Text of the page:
Asparagus spears will start to emerge when the soil temperature reaches 50 degrees F. After this, growth of asparagus is dependent on air temperature. Early in the season, 7 to 9 inch spears might be harvested every 2 to 4 days. As air temperatures increase, harvesting frequencies will increase to once or twice per day, harvesting 5 to 7 inch spears before the tips start to fern out and lose quality. The second year after planting, the length of harvest can increase to about 4 to 6 weeks. The third year after planting and thereafter, harvesting can continue for 6 to 8 weeks. Since the length of harvest season will vary from year-to-year depending on air temperature, stop the harvest when the diameter of 3/4 of the spears becomes small (less then 3/8 inch). Experience gained by growing the crop will make it easier for the gardener to know when to discontinue the harvest.
When harvest is finished, snap all the spears off at ground level. New spears will then emerge, fern out, and provide a large canopy to cover the space between the rows. Once a dense fern canopy is formed, weed growth will be shaded out.
Following freezing weather in the fall, the asparagus tops should be removed to decrease the chances of rust disease overwintering on the foliage.
Asparagus beetles are commonly found in home plantings. If numerous, they may be controlled by a suggested insecticide or by handpicking.
Asparagus rust can be a problem in the Midwest. Moisture left on the plant for 10 hours can help to spread the disease. Plant resistant varieties.
Inspect the ferns throughout the season for insect feeding and fern dieback. Asparagus beetles chew on the fern, causing the stem to turn brown and reducing the yield the next year. Spray the ferns with an approved insecticide when beetles are seen. For disease prevention, spray with an approved fungicide on a 7 to 14 day schedule beginning when the ferns reach a 3 to 4 foot height and continuing until mid September.
Do not cut down the fern growth at the end of the growing season. The all-male hybrids stay green until frost, enabling photosynthesis to occur longer throughout the season. Leave the dead fern growth intact over the winter. This catches snow for additional soil moisture and keeps the soil temperature about 5 degrees F cooler than bare soil with no covering of dead fern. The cooler soil temperature is helpful in delaying the early emergence of asparagus in the spring, when air temperatures might rise prematurely and then fall again, predisposing the spears to frost damage. Frost-damaged spears should be snapped and discarded.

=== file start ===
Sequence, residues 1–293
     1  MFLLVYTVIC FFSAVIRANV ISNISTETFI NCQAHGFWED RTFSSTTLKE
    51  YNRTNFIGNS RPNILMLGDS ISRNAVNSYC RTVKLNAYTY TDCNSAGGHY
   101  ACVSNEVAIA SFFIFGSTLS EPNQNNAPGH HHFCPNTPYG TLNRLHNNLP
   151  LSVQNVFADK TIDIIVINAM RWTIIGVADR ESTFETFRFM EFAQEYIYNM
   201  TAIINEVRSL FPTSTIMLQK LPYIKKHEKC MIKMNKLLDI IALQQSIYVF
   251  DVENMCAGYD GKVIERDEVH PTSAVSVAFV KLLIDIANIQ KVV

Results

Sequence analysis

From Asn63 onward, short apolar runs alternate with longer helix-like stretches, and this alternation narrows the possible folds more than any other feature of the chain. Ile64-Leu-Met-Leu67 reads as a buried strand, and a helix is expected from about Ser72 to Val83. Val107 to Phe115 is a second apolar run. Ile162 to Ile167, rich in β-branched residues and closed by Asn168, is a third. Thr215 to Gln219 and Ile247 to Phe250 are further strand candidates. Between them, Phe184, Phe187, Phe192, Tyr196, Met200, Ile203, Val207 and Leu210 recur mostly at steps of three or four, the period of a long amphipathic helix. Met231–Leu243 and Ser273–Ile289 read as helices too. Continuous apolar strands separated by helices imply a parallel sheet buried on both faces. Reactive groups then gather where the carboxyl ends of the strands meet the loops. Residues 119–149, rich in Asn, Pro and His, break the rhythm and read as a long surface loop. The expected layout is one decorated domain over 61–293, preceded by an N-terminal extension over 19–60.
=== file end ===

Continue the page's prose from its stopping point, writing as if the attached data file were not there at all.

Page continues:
Remove the old fern growth by cutting or mowing as low as possible during the first week of April. Dead stalks are very sharp and can easily skin knuckles when harvesting new spears.
Questions & Answers
Q. What causes my asparagus spears to have loose heads?
A. When the weather turns hot, the growing point expands rapidly and the bracts (modified green leaves) are spread by the early development of the stems and ferns. The asparagus is safe to eat because only the appearance is affected.
Q. Early spring freezes caused the asparagus spears in my garden to turn brown and wither. Are they safe to eat?
A. Frozen tips should be picked and thrown away. These spears, although not poisonous, are off-flavor.
Q. Can I start asparagus from seed?
A. Yes. You can grow your own plants by planting seeds 1/2 inch deep and 2 inches apart in the row. Start the seeds in the spring when the soil temperatures have reached 60°F. Dig the plants the following spring, before growth begins and transplant them to the permanent bed as soon as the garden can be worked. Growing your own plants delays establishment of your bed an additional year, but it ensures that you are starting with freshly dug crowns that have not lost vigor by being dug, stored and shipped. Also, variety selection is usually much greater when shopping for seeds rather than crowns.
Q. What causes crooked spears?
A. Asparagus spears grow quickly and are sensitive to mechanical injury from cultivation or cutting tools, insects or wind-blown soil particles. Injured areas grow slowly so that the rapid growth on the opposite side causes spears to curve toward the injured side. The cause of flattened (faciated) spears is unknown.